The Property Ownership Law states that if land shares are not distributed among right holders in accordance with their ownership shares, these right holders receive an indefinite right of action (Article 3). The Constitutional Court recently considered the claim (dated 10 September 2015, 2015/25 E., 2015/81 K.) which alleged this provision violates property rights and the constitutional principle of proportionality (Article 13 and 35 of the Constitution). The court accepted that an indefinite right of action interferes with the right of property. However, the court held this is not a constitutional violation because the intervention is made under law and in the public interests.
The Constitutional Court unanimously held that Article 3 of the Property Ownership Law numbered 634 does not violate Articles 13, 35 or 36 of the Constitution, for the following reasons:
Evaluation of Interference with Property Right
Property rights are fundamental constitutional rights, which can only be interfered with by a law and for the public interest (Article 35 of the Constitution). The state must respect property rights and prevent third parties interfering with these rights. The claimant argued that granting an indefinite right of action for redistribution of land shares interferes with property rights by exposing other right holders to an indefinite litigation threat.
The Constitutional Court held that granting an indefinite right of action falls within the state’s positive obligation to prevent any interventions by third persons with property rights. Therefore, the court determined that the provision operates in the public interests.
Evaluation of Interference with Principle of Proportionality
For an interference with property rights to be constitutional, it must be made in accordance with certain principles (Article 13 of the Constitution). In particular, the principle of proportionality states that to ensure equity, a balance should exist between the means used for an interference and the intended purpose. Legislation must ensure a balance between individual rights and freedoms compared to public interests.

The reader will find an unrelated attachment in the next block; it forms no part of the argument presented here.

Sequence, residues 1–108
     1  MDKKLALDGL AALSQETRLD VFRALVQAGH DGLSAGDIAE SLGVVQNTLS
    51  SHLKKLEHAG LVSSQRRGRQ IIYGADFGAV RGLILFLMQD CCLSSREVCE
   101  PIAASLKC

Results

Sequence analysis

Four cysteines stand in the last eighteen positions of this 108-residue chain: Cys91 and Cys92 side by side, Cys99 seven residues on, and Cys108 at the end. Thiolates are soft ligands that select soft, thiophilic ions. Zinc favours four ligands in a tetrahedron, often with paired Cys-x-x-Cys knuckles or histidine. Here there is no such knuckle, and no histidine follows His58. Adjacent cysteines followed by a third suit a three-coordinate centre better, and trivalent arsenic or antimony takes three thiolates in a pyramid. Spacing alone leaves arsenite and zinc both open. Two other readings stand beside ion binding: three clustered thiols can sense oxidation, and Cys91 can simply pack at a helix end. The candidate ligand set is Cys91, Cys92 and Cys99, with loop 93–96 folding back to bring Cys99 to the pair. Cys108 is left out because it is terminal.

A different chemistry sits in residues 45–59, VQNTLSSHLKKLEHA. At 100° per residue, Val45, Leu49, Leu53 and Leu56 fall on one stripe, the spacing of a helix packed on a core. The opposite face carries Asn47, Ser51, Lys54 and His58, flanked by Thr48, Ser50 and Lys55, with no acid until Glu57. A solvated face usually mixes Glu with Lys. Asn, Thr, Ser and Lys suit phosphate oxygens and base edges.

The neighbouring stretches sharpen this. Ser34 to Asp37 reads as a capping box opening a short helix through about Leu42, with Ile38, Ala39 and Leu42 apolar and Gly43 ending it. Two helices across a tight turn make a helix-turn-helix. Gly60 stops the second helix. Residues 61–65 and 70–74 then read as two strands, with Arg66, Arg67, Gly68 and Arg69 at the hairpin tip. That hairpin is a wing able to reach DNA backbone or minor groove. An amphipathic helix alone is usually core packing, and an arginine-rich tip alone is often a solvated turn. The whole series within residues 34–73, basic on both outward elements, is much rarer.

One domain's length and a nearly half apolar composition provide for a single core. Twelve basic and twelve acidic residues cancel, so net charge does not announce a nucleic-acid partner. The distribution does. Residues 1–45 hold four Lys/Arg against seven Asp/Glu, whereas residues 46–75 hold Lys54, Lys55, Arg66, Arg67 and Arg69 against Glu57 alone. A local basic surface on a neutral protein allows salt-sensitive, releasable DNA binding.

The court held that in multistore buildings, multiple independent sections are sold once the land share distribution is complete. It is unknown who will be the owner of the independent sections when the construction is completed and property ownership or easements are established. Therefore imprecise distribution of land shares can occur because this aspect is not important to the building owner. Accordingly, inequity can arise for parties that obtained ownership rights for independent sections after the distribution is complete because their payments are made on the basis on the location and size of the section, while their land shares may not be in line with this.
In these circumstances, legislators favored the property owner’s rights by granting an indefinite right of action.
Evaluation of Interference with Right to Legal Remedies
Article 36 of the Constitution outlines rights to legal remedies, including the right to access courts. The right to access courts includes bringing disputes to an authorized court and executing court decisions.
The Constitutional Court held the indefinite right of action for redistribution of land shares to be necessary to ensure the right to court access, within the constitutional right to legal remedies. It held that these rights serve to protect property rights.
Please see this link for full text of the court order (only available in Turkish).